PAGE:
Article Text

Daytime dehydration in urine incontinent children'is it present and how easily can we detect it in a community setting?
  1. S Postings
  1. Childrens Services, Telford and Wrekin NHS Community Health Services, Shrewsbury, UK


Background Childrens' daytime drinking practices may cause a chronic low grade dehydrated state, resulting in a low functional bladder capacity, production of concentrated urine and evening polydipsia.1 As underlying causes of bladder incontinence, can we prevent this using a urine colour chart2 (UCC)? Using a UCC is a novel way of studying the relationship between dehydration and wetting in children in the community.

Aims To evaluate (1) the introduction and usefulness of a UCC for detecting dehydration, and (2) establish the presence of daytime dehydration in incontinent children.

Methods A non-randomised interventional study with controls, using a qualitative method (5 point Likert Scale structured questionnaire) for analysis. Primary school children, suffering from incontinence, were recruited from attendees at our countywide community enuresis clinics, from August to December 2008. Participants were selected to either receive the UCC (cases) or act as controls, depending on which clinic they attended.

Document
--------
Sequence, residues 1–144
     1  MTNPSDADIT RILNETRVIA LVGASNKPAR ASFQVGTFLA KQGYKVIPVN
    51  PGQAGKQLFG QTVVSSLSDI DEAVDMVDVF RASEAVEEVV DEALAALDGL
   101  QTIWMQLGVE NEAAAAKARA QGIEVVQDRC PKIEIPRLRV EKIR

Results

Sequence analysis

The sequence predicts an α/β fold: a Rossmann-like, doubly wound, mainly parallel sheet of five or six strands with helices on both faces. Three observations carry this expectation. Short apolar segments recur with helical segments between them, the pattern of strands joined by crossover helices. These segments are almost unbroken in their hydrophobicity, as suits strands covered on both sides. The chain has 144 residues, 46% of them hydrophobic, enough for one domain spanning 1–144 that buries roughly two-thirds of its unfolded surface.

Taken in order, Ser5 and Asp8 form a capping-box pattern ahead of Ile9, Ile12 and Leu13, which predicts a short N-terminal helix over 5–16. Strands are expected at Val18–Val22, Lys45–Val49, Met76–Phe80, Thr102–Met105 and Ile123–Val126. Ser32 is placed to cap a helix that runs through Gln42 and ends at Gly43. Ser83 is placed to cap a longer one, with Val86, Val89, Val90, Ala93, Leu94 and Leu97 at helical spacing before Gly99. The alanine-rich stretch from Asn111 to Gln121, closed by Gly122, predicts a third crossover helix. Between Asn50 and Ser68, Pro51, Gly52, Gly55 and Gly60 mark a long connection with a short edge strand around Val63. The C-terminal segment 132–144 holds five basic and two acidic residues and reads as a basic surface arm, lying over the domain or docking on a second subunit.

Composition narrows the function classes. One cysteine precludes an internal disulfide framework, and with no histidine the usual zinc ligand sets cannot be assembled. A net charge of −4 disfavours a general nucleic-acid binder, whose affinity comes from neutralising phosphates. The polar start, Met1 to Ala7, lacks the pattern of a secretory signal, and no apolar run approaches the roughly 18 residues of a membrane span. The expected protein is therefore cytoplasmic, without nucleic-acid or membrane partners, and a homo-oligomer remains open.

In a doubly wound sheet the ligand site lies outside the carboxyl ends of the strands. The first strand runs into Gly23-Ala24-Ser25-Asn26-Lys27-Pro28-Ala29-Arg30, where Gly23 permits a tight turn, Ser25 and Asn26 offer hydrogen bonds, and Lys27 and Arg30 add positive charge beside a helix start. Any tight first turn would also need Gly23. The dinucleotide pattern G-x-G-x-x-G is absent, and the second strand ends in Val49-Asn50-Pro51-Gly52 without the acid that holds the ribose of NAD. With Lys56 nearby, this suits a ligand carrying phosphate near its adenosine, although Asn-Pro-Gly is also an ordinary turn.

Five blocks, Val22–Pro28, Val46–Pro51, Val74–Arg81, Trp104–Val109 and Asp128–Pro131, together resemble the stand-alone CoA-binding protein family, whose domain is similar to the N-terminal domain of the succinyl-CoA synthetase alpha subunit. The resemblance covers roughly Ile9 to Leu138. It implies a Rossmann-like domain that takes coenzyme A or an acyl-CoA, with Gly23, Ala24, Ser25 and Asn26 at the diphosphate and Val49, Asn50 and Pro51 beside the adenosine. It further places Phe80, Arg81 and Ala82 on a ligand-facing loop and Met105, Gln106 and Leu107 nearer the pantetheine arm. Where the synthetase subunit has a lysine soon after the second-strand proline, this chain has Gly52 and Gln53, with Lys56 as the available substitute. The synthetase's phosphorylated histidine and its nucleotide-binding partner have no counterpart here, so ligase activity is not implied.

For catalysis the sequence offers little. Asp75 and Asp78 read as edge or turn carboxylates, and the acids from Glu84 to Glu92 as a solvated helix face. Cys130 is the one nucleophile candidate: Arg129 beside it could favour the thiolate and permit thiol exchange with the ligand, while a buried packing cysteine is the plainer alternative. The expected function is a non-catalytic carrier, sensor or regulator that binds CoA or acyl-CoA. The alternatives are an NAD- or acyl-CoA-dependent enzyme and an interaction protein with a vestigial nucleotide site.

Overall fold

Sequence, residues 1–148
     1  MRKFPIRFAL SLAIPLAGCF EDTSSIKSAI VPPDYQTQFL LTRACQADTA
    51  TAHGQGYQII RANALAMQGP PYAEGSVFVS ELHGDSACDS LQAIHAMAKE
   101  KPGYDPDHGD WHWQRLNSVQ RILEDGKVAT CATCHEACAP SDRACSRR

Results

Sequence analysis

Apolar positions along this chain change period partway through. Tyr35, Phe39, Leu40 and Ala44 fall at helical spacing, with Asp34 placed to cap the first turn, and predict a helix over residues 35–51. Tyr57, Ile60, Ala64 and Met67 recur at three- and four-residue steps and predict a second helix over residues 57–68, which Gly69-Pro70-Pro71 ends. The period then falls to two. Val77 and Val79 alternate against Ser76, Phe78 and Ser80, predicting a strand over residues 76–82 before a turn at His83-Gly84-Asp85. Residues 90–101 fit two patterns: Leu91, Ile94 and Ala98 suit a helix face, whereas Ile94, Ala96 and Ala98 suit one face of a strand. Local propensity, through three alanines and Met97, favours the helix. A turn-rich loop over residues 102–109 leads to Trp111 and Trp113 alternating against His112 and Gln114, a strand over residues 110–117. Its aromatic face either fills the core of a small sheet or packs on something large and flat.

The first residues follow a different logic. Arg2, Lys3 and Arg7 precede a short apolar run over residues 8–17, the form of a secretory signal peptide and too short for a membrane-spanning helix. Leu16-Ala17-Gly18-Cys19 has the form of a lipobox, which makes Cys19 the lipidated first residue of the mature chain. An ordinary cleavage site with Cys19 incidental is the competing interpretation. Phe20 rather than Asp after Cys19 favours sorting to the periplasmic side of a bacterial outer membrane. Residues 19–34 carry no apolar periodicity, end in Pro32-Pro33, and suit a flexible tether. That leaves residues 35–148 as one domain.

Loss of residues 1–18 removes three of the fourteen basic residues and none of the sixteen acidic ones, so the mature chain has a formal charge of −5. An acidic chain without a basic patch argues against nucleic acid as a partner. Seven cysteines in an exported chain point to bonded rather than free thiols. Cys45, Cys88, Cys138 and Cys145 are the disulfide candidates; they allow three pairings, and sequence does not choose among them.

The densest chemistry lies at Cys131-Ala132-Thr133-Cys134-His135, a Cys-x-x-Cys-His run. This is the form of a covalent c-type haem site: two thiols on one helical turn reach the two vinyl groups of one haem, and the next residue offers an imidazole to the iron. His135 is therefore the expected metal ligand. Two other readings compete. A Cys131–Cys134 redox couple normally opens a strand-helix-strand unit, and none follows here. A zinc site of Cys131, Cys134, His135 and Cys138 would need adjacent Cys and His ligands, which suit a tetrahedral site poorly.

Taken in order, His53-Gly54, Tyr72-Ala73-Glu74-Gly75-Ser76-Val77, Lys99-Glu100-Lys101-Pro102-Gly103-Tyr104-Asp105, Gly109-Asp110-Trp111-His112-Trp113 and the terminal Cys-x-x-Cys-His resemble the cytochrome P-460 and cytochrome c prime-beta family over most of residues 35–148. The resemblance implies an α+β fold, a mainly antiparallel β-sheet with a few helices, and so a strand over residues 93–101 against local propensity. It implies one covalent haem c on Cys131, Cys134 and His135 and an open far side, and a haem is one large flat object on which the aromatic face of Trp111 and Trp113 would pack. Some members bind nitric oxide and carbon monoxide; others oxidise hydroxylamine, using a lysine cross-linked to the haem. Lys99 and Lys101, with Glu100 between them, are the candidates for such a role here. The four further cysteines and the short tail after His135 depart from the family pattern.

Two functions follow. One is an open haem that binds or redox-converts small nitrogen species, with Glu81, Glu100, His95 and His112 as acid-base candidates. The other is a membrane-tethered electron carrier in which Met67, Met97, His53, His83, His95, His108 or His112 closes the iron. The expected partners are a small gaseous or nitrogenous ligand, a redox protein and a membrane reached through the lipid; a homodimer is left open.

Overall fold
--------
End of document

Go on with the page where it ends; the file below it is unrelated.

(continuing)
Results 27 cases and 21 controls were recruited. Everyone used the UCC and 91% agreed it was easy to use. Over 86% were confident in their assessment of urine colour and similar numbers were unaware of their child's drinking practices prior to using the UCC. 71% gave urine colour as the reason for altering intake. 50% of the measurements were in the dehydrated range. Of the 10 children with isolated night-time wetting, eight were dehydrated the majority of the time, and in five this improved. Using the UCC resulted in a significant reduction in the number of wet days at 4 weeks z=−2.000, p=0.046, and in the number of wet nights at 4 and 8 weeks z=−2.210, p=0.027 and z=−2.659, p=0.008, respectively. Over the 8 weeks however, no statistical difference was seen when comparing for complete day or night dryness.

Conclusion A UCC is an acceptable means of detecting the presence of dehydration in the community and leads to early improvement in the incontinence. Future research should look at the effect of preventing daytime dehydration on long-term incontinence outcomes.

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